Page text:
2018 Reading Overview and Statistics

Every New Year’s, I write a blog post analyzing my reading data from the previous year and reflecting on my yearly reading goals, while also setting new goals for the upcoming year.

For the 2018 reflection, I’ve decided to level up this post by adding in charts made with Microsoft Word!

Genre and Format Statistics

Total: 134

Month with Most Books Read: January (17)

Month with Least Books Read: July and September (6)

Rereads: 2 (1.49%)

Advanced Reviewer’s Copies: 63 (47.01%)

Ebooks: 30 (22.39%)

Library (print or ebook): 7 (5.22%)

Print: 27 (20.15%)

Audio: 4 (2.99%)

Other formats: 3 (2.24%)

Fantasy: 67 (50.00%)

Science Fiction: 50 (37.31%)

Contemporary: 4 (2.99%)

Historical: 4 (2.99%)

Mixed genres: 6 (4.48%)

Other genres: 3 (2.24%)

Young Adult: 34 (25.37%)

In 2017, I read slightly fewer ARCs (42.51% to 47.01%), but it’s nowhere near the huge change from 2016 to 2017 when the blog started taking off more.

This year is the first time I’ve read more ebooks than print books (not counting ARCs). I’ve realized that I actually prefer ebooks — they’re just so much more convenient for me. I’m already hauling around books for class, so I don’t want to add another book on top of those. Plus, what if I finish the book? With my Kindle, I’ve got plenty more to keep me occupied.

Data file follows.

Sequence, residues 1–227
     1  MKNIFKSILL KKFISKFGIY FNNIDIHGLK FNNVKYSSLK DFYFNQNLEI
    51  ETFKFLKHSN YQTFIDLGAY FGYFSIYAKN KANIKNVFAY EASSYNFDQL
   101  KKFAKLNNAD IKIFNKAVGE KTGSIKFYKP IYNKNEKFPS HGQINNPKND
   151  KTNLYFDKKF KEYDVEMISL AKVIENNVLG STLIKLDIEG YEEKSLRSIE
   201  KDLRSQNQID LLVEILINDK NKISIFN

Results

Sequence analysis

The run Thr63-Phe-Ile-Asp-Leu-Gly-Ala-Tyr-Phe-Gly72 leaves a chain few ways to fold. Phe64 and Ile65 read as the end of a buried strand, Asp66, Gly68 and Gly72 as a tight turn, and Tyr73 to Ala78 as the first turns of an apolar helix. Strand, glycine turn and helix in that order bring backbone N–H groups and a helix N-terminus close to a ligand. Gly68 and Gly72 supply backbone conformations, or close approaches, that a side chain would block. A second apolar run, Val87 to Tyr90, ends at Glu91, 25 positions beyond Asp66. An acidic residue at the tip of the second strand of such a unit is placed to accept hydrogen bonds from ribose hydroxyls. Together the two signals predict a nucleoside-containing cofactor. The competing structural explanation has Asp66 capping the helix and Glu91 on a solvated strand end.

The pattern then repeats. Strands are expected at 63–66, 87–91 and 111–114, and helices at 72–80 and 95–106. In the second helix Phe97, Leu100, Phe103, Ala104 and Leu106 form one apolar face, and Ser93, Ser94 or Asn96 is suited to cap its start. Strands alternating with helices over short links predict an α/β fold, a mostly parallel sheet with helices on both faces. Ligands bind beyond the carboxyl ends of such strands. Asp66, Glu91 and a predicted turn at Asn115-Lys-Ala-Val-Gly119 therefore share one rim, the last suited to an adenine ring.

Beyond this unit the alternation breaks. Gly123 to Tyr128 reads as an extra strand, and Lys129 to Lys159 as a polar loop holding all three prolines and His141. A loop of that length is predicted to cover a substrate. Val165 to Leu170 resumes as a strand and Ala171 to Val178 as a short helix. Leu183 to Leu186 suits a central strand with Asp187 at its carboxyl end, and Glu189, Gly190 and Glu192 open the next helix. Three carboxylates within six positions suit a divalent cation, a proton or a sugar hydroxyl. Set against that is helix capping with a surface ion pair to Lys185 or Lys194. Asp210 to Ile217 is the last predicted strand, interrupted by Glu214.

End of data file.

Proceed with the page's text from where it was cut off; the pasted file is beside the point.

I’ve always tended to read more fantasy than science fiction, but this year the gap has shrunk. Maybe I’m just finding more science fiction I like?

Year Published

2018 Books by pub date

This year, I started tracking the publication date of the books I was reading, since I wanted data to verify that I’ve been reading fewer backlist books. Turns out that’s true, with the majority of the books I read in 2018 published in 2018.

Even then, I was including books I read for classes. Literally, all of the pre-1950s books I read this year were for either Irish Literature or a class on Arthurian Literature.

While I would like to read more backlist books, I don’t think I’m going to make a committed effort to read more of them. I just like new releases too much to give them up!

Author Statistics

Books by “New to Me” Authors: 54 (40.30%)

Books by Female Authors: 91 (67.91%)

Books by Male Authors: 27 (20.15%)

Books by Nonbinary Authors: 3 (2.24%)

Books by Authors of Color: 43 (32.09%)

Books by “New to Me” Authors of Color: 24 (17.91%)

My percentage of “new to me” authors has fallen slightly since last year’s 42.51%, but not by much. However, it’s something I’ll want to keep an eye on for 2019. My fear is that with less time in general for books, I’ll be less likely to books by debut authors and “new to me” authors. And I want to keep expanding who I read!

2018 books by author gender